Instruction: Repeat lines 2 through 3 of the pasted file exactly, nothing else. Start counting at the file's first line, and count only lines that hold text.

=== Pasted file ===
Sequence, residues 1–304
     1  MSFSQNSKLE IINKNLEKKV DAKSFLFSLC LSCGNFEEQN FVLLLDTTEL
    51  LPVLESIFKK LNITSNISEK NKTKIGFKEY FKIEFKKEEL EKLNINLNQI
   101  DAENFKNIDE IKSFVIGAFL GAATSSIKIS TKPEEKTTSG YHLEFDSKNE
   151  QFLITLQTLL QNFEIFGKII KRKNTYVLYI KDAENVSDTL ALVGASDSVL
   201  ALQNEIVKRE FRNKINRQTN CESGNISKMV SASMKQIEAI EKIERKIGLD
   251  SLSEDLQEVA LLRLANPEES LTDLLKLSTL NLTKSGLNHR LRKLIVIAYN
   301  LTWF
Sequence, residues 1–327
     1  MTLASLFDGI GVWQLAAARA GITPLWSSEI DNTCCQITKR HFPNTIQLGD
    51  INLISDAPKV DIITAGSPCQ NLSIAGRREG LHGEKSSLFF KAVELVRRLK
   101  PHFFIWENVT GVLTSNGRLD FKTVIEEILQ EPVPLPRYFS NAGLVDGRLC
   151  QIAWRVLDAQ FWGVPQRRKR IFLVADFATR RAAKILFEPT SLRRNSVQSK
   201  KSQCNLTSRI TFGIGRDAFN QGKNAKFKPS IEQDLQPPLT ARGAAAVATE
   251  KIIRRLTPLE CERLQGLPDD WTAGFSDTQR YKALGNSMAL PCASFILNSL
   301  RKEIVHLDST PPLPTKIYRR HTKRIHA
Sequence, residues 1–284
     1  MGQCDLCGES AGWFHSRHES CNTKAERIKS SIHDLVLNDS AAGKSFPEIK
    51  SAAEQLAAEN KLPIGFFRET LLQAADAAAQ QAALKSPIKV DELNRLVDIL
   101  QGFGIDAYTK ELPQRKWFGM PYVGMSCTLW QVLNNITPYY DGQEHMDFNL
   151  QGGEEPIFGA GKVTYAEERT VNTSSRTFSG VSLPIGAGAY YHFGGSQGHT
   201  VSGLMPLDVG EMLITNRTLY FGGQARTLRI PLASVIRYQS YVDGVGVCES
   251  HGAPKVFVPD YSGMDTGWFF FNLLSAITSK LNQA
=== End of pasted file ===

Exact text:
     1  MSFSQNSKLE IINKNLEKKV DAKSFLFSLC LSCGNFEEQN FVLLLDTTEL
    51  LPVLESIFKK LNITSNISEK NKTKIGFKEY FKIEFKKEEL EKLNINLNQI